Brother Richard Dreyfuss

Discussion in 'Masonic Blogs' started by My Freemasonry, Jun 11, 2011.

  1. cacarter

    cacarter Premium Member

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    Wasn't it President Cleveland, back when he was an officer during the Civil War who received his degrees on consecutive days? I would have to doubt that much memory work was done with him, but I could be wrong. Today, we celebrate the fact that he was a Brother and advertise that fact to the public.

    If Brother Dreyfuss took his degrees, rather than being made a Mason at sight, how is that any different from Brother Cleveland?
     
  2. jwhoff

    jwhoff Premium Member

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    Not much. Good analogy brother.
     
  3. choppersteve03

    choppersteve03 Premium Member

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    i dont agree with the at sight deal, but i am the product of almost conscutive degrees i did mine all in about six months time.
     
  4. tom268

    tom268 Registered User

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    Such occasions brings up the question in me, which light is shining on whom here? Is it the masonic light shining on the new brother? How could it, if he has no further connection/time to work with it? Or is it more the light of a celeb shining on the Grand Lodge?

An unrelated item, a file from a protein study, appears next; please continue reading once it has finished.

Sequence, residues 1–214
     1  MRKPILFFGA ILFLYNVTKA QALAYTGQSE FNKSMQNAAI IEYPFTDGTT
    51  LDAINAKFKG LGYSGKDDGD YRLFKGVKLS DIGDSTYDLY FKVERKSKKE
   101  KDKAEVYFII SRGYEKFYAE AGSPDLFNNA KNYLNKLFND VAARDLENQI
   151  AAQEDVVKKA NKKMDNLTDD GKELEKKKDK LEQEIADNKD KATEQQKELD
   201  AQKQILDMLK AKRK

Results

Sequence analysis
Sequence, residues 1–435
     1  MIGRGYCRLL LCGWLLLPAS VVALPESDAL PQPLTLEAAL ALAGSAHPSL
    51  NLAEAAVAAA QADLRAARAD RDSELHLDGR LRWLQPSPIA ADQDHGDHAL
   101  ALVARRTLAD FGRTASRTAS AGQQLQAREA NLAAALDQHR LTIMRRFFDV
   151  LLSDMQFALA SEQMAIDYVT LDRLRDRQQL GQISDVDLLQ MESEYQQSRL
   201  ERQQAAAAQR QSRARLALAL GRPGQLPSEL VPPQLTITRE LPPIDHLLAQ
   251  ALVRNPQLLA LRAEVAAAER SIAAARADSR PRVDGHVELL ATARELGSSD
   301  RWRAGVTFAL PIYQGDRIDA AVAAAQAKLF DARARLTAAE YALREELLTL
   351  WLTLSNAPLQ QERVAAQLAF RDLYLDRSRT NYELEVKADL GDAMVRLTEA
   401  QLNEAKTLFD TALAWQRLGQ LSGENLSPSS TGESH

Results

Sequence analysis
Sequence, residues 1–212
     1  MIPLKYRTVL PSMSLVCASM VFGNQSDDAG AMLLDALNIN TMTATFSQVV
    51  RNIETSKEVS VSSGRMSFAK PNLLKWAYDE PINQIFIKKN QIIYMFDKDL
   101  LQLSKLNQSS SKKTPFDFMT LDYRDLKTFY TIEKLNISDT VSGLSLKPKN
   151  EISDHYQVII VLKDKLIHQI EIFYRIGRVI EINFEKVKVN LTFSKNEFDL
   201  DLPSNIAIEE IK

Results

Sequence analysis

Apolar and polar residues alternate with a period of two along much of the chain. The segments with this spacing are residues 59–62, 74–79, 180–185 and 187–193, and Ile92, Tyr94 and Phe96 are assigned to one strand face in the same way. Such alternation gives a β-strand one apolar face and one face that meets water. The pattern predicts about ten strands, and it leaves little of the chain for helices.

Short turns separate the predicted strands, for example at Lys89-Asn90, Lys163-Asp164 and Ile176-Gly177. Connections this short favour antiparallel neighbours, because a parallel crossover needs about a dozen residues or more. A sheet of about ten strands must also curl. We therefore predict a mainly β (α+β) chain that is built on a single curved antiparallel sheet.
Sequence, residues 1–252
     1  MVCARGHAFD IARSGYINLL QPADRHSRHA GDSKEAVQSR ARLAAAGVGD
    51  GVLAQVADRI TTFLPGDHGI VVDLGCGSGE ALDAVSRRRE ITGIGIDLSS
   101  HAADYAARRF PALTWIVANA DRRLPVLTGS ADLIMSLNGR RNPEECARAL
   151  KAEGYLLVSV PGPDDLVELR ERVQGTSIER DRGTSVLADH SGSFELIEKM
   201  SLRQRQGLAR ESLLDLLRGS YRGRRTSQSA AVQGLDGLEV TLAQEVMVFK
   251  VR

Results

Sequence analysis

I hope, that such in-promtu elevations will be the most exotic events in modern masonic history. Otherwise, the celebs have to duck and cover to avoid the lightbeams of over-jealous Grand Masters, competing to collect more celebs than the neigbor.
     
  5. Traveling Man

    Traveling Man Premium Member

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    I have to concur...

    And the best model to emulate is, Hollywood?
     
  6. Dion

    Dion Guest

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    W.C. Fields was made at sight. So was William Howard Taft (prior to his becoming President of the United States).